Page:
Police inspector general Joseph Shikongo, who is also the chairperson of the Southern African Regional Police Chiefs Cooperation Organisation (SARPCCO), has highlighted the lack of cooperation by law-enforcement agencies at national and regional level in combating transboundary crime.
Speaking at a multi-stakeholder conference, he emphasised the challenges of fragmented approaches, indicating that criminals are capitalising on these gaps in the system.
The comments were made at the three-day regional multi-stakeholder transnational organised crime conference, themed ‘Forging Alliances’, which started at Swakopmund on Monday.
The conference aims to bolster collaboration and unified action against transboundary crime, a pressing issue that continues to impact Southern African Development Community (SADC) countries.
Shikongo stressed the need for alliances in the fight against transnational crimes.
“They merge and collapse our borders in the process . . . they digitalise their criminal activities and it just takes a click for them to commit their crimes thousands of miles away from any destination,” he said.
He went on to highlight the restrictions law-enforcement agencies face due to the need to operate within international jurisdictions.
“Criminal syndicates take advantage of this to outmanoeuvre law-enforcement agencies,” he said.
The acting director of the organ on politics, defence and security affairs of the SADC secretariat, Kealeboga Moruti, echoed Shikongo’s sentiments.
She called for a “sustainable inclusive and coordinated approach” to combating transnational organised crime, emphasising the importance of establishing operational national task forces.
The head of the Interpol Regional Bureau SARPCCO co-ordination office, Sello Moerane, also voiced concerns about the impact of transnational organised crime on the region’s security, economic prosperity and development.
Moerane called for increased regional capabilities, particularly in the field of digital forensics, to counter evolving cybercrime.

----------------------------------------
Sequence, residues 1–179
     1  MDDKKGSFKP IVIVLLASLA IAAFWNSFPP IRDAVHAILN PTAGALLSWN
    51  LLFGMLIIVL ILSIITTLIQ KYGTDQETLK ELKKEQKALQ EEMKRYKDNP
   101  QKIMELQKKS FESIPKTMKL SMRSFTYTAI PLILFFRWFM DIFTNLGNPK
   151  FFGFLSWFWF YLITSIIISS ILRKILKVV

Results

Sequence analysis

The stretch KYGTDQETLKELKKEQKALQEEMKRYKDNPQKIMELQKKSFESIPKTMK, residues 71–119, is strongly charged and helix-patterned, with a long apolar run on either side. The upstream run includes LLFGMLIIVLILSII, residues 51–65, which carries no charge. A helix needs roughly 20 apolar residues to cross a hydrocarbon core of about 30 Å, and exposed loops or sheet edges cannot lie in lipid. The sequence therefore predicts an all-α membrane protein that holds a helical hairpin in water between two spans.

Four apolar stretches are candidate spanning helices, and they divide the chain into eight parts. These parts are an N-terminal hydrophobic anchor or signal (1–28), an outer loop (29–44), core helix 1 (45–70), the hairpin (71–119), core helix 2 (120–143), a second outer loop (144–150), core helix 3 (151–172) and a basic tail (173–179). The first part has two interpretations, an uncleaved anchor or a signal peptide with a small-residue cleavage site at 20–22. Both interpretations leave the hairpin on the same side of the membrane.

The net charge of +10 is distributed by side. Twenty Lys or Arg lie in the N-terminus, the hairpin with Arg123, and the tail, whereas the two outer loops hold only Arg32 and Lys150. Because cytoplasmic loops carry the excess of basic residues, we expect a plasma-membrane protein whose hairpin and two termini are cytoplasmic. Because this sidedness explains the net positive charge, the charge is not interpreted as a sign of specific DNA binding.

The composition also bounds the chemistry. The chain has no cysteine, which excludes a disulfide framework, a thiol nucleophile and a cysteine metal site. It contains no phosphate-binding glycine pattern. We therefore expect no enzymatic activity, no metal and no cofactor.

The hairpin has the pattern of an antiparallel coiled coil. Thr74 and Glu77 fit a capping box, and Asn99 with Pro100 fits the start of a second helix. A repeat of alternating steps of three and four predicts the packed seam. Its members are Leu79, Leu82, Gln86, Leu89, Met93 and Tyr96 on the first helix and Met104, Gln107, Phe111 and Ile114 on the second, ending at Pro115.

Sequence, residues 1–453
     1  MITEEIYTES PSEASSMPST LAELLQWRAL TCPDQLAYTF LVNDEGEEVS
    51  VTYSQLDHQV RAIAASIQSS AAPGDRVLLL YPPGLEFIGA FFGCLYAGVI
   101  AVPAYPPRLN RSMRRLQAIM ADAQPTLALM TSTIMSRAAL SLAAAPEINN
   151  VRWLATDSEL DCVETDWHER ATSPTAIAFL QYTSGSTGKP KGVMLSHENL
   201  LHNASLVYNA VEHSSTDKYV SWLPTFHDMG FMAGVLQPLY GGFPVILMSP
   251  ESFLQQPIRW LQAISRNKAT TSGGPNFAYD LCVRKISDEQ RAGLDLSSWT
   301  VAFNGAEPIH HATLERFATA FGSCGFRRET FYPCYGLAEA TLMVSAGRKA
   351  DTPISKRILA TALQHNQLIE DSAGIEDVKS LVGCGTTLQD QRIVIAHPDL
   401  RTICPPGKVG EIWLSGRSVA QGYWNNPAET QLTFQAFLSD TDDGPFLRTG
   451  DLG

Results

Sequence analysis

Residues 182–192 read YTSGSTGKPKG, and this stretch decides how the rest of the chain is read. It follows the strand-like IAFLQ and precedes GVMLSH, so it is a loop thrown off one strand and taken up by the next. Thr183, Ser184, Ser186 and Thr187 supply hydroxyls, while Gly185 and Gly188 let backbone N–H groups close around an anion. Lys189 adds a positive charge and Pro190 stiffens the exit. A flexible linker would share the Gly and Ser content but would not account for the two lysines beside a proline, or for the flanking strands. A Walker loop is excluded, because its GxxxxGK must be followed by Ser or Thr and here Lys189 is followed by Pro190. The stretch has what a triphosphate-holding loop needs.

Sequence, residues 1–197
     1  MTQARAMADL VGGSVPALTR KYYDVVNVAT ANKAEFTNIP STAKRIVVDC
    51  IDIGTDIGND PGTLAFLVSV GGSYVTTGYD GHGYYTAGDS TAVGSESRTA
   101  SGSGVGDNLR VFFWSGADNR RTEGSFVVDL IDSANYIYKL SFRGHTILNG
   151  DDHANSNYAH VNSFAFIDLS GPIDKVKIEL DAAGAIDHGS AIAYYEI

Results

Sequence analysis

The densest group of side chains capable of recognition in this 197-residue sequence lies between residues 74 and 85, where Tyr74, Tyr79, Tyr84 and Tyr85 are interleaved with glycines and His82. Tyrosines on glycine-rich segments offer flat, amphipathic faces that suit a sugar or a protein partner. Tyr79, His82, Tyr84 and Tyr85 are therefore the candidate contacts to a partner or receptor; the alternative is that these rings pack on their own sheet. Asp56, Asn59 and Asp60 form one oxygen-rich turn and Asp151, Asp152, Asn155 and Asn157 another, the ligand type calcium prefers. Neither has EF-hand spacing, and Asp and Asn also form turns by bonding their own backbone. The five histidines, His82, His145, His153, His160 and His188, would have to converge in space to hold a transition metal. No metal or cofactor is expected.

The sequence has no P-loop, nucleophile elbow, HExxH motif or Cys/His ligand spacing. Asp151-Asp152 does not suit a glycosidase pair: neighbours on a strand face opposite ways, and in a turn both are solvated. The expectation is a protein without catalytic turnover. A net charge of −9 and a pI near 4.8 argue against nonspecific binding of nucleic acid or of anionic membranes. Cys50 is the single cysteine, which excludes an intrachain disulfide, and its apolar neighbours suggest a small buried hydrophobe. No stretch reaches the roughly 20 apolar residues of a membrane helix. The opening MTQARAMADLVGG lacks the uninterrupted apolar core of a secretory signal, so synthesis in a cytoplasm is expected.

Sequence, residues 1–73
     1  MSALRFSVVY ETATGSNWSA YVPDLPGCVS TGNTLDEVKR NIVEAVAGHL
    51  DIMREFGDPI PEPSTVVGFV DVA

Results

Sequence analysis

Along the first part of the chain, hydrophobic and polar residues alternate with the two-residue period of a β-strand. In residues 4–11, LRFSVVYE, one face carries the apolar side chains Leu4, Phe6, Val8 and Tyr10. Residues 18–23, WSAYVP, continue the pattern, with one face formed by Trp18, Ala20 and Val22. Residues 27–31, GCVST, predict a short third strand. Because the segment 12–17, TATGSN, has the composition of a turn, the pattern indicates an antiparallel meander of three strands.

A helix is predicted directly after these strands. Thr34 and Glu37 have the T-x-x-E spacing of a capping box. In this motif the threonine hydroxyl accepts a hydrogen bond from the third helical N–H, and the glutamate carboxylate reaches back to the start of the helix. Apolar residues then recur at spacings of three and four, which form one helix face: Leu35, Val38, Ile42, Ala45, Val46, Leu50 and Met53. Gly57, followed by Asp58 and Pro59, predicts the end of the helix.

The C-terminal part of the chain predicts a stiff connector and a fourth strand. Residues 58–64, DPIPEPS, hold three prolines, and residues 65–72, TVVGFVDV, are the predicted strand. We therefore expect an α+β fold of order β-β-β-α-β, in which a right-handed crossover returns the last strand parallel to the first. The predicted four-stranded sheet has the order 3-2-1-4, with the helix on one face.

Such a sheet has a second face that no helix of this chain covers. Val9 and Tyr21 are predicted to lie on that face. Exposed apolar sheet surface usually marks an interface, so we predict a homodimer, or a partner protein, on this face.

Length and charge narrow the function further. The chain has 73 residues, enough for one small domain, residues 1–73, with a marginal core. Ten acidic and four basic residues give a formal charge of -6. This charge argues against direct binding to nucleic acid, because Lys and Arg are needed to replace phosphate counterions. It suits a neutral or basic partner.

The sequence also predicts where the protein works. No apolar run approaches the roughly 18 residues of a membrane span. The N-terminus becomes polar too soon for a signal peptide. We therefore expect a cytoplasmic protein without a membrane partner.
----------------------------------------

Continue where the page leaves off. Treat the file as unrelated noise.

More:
The fight against transboundary crime in SADC has been met with numerous challenges, ranging from human trafficking and drug trafficking to wildlife crime, illegal mining, cybercrime and weapons smuggling.
Some trends and findings that were prevalent leading during 2021 indicated that according to the United States State Department’s 2020 ‘Trafficking in Persons’ report, many SADC countries were considered source, transit, and destination countries for human trafficking.
These included countries like South Africa, Zambia, and Zimbabwe.
The United Nations Office on Drugs and Crime (UNODC) noted an increase in drug trafficking through the southern route (from Afghanistan through Africa to destination countries) leading up to 2021.
Eastern and southern Africa have been identified as major transit points for heroin destined for international markets.
According to the World Wildlife Crime Report by UNODC in 2020, southern Africa is significantly impacted by wildlife crime, particularly the illegal ivory trade and rhino poaching.
A report by Global Witness in 2020 highlighted that Zimbabwe, a member of the SADC, was losing billions of dollars a year because of the smuggling of gold, particularly to Dubai.
The SADC region has seen a rise in cybercrime activities, including financial fraud and data breaches.
The Small Arms Survey by the Graduate Institute of International and Development Studies in Geneva has consistently reported on illicit arms trafficking in the SADC region.
All these issues will be discussed at the conference, with experts and stakeholders sharing their knowledge and experiences.
Stakeholders agreed that as crime syndicates continue to exploit gaps in law enforcement, enhanced regional and national cooperation is seen as vital to mitigating these threats and safeguarding the region.